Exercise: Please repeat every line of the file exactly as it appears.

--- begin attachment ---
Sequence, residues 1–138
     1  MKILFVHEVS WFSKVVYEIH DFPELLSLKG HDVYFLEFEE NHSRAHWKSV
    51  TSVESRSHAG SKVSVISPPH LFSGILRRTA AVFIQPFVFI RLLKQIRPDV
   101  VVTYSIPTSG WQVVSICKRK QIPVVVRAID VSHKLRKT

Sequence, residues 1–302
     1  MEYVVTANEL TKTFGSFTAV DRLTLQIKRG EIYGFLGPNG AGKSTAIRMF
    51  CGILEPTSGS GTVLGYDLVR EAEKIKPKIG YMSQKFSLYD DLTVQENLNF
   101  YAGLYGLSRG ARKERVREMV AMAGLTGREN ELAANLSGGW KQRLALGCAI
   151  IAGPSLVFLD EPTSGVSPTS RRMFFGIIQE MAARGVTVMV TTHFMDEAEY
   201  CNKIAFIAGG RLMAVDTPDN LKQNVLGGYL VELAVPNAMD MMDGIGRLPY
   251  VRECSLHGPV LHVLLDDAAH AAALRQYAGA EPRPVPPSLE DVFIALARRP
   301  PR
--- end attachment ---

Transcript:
Sequence, residues 1–138
     1  MKILFVHEVS WFSKVVYEIH DFPELLSLKG HDVYFLEFEE NHSRAHWKSV
    51  TSVESRSHAG SKVSVISPPH LFSGILRRTA AVFIQPFVFI RLLKQIRPDV
   101  VVTYSIPTSG WQVVSICKRK QIPVVVRAID VSHKLRKT

Sequence, residues 1–302
     1  MEYVVTANEL TKTFGSFTAV DRLTLQIKRG EIYGFLGPNG AGKSTAIRMF
    51  CGILEPTSGS GTVLGYDLVR EAEKIKPKIG YMSQKFSLYD DLTVQENLNF
   101  YAGLYGLSRG ARKERVREMV AMAGLTGREN ELAANLSGGW KQRLALGCAI
   151  IAGPSLVFLD EPTSGVSPTS RRMFFGIIQE MAARGVTVMV TTHFMDEAEY
   201  CNKIAFIAGG RLMAVDTPDN LKQNVLGGYL VELAVPNAMD MMDGIGRLPY
   251  VRECSLHGPV LHVLLDDAAH AAALRQYAGA EPRPVPPSLE DVFIALARRP
   301  PR